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Today’s News - Tuesday, December 23, 2008

EDITOR'S NOTE: This is the final newsletter for 2008...we're taking a holiday break (along with much of the rest of the world), and will return Monday, January 5, 2009(!). We wish everyone a happy, happy holiday season and (fingers crossed) all good things in the New Year!

•   Dyckhoff visits the "most architecturally radical building built in the centre of Paris since I.M. Pei stuck a glass pyramid in the Louvre," and finds the rest of the city overcoming its "curious suspicion of new architecture."

•   Pogrebin on how museums with edifice complexes are dealing with hard times.

•   A Q&A with the head of Getty's new Department of Architecture and Design: its collection and its future.

•   CO2 levels in new, supposedly green, U.K. schools are putting the kids to sleep.

•   Moore basks in the light of a revamped church near St. Pancras.

•   Hume on how city life is being enhanced, "one landscape project at a time."

•   A new Oregon bridge could sport wind turbines, but not likely to appease environmental groups: "adding turbines doesn't make a 12-lane bridge sustainable" (but it looks cool).

•   BIG's builds a bucolic hillside of apartments the middle of flat Copenhagen.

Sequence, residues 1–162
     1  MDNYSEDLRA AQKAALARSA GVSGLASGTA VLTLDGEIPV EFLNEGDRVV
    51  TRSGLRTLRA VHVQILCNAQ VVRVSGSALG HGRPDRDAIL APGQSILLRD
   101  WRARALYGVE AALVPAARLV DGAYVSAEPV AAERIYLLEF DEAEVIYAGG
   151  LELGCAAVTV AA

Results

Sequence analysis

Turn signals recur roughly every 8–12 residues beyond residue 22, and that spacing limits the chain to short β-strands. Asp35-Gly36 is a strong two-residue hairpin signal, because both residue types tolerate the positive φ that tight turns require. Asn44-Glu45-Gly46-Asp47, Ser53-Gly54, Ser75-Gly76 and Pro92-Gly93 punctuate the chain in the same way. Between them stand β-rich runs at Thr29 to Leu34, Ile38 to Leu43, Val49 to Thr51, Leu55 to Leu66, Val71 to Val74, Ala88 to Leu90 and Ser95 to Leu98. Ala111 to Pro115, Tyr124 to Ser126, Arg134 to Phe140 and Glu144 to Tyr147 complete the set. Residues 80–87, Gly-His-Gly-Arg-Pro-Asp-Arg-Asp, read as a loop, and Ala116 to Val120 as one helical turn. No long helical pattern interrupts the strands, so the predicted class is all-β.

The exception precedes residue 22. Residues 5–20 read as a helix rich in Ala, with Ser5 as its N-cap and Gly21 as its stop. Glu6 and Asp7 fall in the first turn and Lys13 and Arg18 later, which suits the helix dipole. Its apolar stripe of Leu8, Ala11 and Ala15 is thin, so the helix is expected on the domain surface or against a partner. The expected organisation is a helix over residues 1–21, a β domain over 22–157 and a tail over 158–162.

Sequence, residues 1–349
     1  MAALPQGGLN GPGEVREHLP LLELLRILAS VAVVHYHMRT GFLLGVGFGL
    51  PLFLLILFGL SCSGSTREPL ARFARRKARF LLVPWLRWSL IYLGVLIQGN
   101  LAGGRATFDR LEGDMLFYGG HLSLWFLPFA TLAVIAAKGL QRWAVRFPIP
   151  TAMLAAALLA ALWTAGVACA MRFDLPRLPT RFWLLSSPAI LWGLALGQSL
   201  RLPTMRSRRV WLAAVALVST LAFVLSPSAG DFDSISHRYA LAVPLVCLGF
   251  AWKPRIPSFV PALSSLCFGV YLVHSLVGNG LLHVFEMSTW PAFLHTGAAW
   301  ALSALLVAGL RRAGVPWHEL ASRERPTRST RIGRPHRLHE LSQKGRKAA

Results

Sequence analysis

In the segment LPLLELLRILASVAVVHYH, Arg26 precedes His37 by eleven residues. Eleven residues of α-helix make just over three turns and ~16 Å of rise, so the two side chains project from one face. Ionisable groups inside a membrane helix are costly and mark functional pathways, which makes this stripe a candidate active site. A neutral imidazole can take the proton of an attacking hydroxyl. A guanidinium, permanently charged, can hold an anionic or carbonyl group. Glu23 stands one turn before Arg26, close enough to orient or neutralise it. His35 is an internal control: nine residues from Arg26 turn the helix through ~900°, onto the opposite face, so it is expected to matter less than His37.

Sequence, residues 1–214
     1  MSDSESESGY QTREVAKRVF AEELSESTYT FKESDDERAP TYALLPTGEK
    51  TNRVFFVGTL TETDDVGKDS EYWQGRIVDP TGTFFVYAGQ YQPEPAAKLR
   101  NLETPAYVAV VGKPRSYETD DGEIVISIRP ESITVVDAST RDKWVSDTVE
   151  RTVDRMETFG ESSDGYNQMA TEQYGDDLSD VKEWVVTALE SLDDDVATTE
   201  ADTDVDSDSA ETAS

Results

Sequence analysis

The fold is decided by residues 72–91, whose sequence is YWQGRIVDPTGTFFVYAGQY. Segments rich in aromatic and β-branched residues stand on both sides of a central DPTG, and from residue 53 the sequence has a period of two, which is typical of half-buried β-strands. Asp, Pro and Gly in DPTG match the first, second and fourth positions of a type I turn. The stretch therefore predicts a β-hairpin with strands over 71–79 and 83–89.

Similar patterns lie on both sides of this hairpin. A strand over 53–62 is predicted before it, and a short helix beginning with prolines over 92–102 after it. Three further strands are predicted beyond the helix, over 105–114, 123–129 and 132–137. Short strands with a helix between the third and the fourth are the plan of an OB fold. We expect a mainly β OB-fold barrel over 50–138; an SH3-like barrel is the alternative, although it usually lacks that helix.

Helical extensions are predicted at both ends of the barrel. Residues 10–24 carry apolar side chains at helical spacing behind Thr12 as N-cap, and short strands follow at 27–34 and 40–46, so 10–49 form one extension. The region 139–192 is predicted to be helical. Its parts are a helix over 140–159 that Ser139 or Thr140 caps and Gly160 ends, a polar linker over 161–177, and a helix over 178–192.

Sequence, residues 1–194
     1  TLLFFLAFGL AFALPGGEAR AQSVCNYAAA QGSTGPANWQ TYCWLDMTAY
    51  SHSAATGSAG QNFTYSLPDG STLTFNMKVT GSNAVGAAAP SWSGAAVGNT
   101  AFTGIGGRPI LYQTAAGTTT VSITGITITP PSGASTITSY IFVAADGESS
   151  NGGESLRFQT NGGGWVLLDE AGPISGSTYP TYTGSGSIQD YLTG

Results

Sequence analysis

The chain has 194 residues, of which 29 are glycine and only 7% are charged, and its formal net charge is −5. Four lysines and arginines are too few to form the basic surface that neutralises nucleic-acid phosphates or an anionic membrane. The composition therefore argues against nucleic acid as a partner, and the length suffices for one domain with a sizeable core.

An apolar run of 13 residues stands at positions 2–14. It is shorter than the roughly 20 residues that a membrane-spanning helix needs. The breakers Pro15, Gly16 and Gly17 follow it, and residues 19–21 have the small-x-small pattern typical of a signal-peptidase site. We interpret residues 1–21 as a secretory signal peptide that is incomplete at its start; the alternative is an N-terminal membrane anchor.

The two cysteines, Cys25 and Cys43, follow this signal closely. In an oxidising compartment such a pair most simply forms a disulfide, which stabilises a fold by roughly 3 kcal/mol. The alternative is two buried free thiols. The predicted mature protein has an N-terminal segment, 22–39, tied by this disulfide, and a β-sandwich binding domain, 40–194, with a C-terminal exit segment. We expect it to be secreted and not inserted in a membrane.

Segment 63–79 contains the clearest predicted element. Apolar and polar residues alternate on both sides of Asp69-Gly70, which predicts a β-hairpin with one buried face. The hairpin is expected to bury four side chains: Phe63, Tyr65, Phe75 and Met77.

•   In China, cave dwellers tout their homes as the epitome of an eco-friendly practicality - and a champion trying to persuade authorities to promote cave living.

•   Marywood University names founding dean of new (oh-so-green focused) architecture school.

•   Glancey is practically gleeful re: new London Routemaster bus designs.

•   Sudjic's "The Language of Things" tries to "reconcile his fascination with the language of designed objects and his disapproval of the hold they have over us."

•   Rawsthorn on why the design process known as visualization is "is fast becoming one of the most exciting areas of design."

•   Stewart offers up 10 Architectural Predictions for 2009 (they're a hoot!).

•   In the spirit of the season: Why Christmases will always be white: our "electro pseudo-winter is incredible...But it's at odds with what's happening to 'real' winter."

•   Tate's Christmas tree may use people power, but it "looks like an ominous portent of future yuletides."

•   A Paris charity auction offered up "Christmas trees" designed by starchitects: no live trees were harmed, making them sustainable (though pricey) luxuries.



  


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